EU maintains tough stance over Suez-GdF merger
THE EUROPEAN Commission has maintained its tough line over the rise of Europe's mega-utilities. In approving the merger of Suez and Gaz de France (GdF), it has insisted both companies dispose of several large assets.
In addition, on 30 October, the competition commissioner, Neelie Kroes, indicated that the Commission is looking to end vertical integration by breaking up utilities if necessary. "With the infrastructure in the hands of the incumbent supply companies and electricity generators, opportunities for discriminating against competing suppliers abound," Kroes said. "I see only one way forward if we are to restore credibility and faith in the market ... there has to be a structural solution that separates infrastructure from supply and generation – ownership unbundling."
Europe, she said, has had enough of Chinese walls and quasi-independence. In May, the EU Competition Directorate-General investigated seven energy companies as a part of anti-trust investigations into alleged abuse of market dominance and in June it introduced much stricter penalty provisions.
Regarding the forced unbundling, Kroes stressed she was speaking personally and analysts note she has yet to receive public backing from Andris Piebalgs, the energy commissioner. However, her outspoken remarks will worry many of Europe's largest utilities, such as E.On and GdF, which have spent the last few years rapidly consolidating ahead of next year's full opening of the region's gas and power markets to competition.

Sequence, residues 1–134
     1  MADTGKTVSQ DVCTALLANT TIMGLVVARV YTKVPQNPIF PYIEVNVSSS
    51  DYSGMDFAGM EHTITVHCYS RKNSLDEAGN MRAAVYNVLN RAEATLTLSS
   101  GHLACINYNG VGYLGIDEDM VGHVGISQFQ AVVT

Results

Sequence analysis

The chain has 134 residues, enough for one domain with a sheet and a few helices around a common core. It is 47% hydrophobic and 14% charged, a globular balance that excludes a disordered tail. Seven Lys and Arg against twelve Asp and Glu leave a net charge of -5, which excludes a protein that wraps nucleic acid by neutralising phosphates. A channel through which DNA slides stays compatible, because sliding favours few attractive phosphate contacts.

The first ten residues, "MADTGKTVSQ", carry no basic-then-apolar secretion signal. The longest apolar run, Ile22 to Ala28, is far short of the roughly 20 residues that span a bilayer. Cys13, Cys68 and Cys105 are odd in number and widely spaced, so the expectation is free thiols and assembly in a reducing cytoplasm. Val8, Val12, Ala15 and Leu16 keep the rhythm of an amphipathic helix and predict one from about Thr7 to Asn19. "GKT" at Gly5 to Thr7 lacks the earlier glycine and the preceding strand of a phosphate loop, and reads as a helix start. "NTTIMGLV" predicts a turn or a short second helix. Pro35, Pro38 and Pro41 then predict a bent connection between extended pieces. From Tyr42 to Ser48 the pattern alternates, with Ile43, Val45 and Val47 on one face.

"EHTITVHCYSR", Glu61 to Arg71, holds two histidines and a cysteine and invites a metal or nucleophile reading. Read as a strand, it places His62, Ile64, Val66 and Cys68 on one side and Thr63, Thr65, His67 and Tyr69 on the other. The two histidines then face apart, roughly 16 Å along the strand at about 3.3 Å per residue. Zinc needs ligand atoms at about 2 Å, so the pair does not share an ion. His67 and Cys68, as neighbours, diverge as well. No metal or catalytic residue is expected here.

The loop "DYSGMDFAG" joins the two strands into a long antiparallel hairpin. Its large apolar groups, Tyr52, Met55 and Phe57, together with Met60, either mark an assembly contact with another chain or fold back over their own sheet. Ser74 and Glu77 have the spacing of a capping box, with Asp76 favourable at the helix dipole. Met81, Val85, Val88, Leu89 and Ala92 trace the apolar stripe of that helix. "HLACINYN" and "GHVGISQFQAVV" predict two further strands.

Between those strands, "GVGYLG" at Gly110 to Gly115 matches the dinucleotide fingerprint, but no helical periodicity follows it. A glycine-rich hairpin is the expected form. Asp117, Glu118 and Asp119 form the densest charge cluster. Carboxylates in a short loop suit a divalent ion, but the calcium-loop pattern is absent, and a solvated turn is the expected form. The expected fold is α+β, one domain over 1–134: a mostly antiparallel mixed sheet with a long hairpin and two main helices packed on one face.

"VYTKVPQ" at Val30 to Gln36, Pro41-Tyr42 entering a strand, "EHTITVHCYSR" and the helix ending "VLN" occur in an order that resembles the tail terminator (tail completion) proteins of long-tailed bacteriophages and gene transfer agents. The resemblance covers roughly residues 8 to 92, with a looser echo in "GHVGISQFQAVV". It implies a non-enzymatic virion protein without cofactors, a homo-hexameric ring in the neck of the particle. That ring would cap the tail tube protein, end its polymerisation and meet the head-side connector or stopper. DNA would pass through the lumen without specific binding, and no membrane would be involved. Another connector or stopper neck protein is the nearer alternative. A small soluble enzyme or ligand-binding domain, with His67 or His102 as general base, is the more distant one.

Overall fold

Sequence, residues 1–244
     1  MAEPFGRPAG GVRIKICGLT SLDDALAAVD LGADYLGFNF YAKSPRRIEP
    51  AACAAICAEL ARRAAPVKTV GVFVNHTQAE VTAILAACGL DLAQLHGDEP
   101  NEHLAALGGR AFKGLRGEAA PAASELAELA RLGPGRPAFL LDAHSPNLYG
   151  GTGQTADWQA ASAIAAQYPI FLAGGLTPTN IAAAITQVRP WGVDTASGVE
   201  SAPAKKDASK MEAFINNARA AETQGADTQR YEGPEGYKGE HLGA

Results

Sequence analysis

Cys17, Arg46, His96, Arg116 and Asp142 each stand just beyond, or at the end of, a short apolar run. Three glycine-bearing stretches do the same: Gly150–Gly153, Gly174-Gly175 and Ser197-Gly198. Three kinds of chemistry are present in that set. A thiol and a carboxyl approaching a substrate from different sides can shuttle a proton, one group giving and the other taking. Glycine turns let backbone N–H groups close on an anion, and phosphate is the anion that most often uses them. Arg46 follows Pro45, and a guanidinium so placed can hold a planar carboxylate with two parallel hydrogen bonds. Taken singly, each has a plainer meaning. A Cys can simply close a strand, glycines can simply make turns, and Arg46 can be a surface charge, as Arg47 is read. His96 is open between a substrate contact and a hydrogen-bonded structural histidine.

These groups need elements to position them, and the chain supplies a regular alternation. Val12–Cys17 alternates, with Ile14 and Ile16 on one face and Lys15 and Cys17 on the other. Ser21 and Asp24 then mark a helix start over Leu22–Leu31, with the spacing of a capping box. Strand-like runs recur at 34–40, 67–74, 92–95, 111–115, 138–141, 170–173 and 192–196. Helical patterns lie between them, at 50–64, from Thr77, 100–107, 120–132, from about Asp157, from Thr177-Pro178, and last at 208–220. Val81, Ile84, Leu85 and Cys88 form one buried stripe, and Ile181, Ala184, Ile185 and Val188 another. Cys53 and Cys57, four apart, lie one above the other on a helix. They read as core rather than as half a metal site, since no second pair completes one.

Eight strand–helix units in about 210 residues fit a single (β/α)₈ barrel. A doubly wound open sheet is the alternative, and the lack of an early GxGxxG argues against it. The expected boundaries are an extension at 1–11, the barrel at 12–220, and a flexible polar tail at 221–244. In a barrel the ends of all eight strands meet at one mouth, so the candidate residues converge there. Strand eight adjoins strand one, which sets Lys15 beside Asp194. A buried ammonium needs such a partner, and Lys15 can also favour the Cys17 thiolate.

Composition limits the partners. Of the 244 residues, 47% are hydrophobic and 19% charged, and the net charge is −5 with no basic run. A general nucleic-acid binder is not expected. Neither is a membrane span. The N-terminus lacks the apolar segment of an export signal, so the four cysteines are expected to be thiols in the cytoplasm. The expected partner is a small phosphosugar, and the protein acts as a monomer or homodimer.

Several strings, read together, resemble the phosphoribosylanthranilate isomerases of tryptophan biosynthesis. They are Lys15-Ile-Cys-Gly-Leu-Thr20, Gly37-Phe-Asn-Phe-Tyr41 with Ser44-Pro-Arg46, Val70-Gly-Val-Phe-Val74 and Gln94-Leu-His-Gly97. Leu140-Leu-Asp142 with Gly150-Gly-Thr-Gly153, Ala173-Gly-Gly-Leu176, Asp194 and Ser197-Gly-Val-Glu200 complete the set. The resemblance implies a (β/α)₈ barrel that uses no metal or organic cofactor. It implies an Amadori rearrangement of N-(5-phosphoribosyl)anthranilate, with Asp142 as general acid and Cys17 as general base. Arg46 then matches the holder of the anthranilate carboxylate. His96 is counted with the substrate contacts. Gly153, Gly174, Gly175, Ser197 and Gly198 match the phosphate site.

Already, the Commission's hard line appears to be having some effect. On 13 November, the Dutch Senate began debating a controversial energy bill that will force the country's utilities to split off their grid businesses from other commercial activities. The bill would pave the way for the privatisation of energy companies' commercial assets, while leaving the national grid under state control. "The implementation of ownership unbundling would bring the Netherlands beyond the European Commission's requirements on energy-market competition," the consultancy Global Insight said in a research note.
Still, utilities are expected to put up a fight. "Kroes has powerful arguments for why networks should be independent, but they are by no means guaranteed to carry the day," says Anton Krawchenko, an analyst at Datamonitor. For instance, the large integrated companies defend industry consolidation and the vertical-integration model by arguing that such moves give them the scale and power to deal more effectively with the likes of Russia's Gazprom, which alone is responsible for supplying 37% of Europe's gas supply.
The issue of supply security has been used by utilities when there are grumblings over planned mergers – and was used to justify the merger of GdF and Suez. Nevertheless, the Commission has made plain its distaste for what is widely considered a politically driven tie-up to create a national champion and launched a far-reaching five-month review, which ended up forcing the two French firms to agree to make large divestments.
These asset sales include Distrigaz, a Suez-owned Belgian gas distributor, and GdF's 25.5% stake in Société de Production d'Electricité, or SPE, Belgium's second-largest electricity supplier after Suez's Electrabel. In addition, the partners will also reduce their stake in Fluxys, Suez's other Belgian gas distributor, to 45% from 57%, and GdF will sell its heating subsidiary, Cofathec Coriance.
"The Commission has insisted on far-reaching remedies in this case to ensure effective competition in the Belgian and French energy markets," the Commission said. "Our intervention in this case is part of our action to ensure there is effective competition in newly liberalised energy markets to the benefit of consumers and business." If Kroes is taken at her word, this is likely to be just the beginning of such interventions.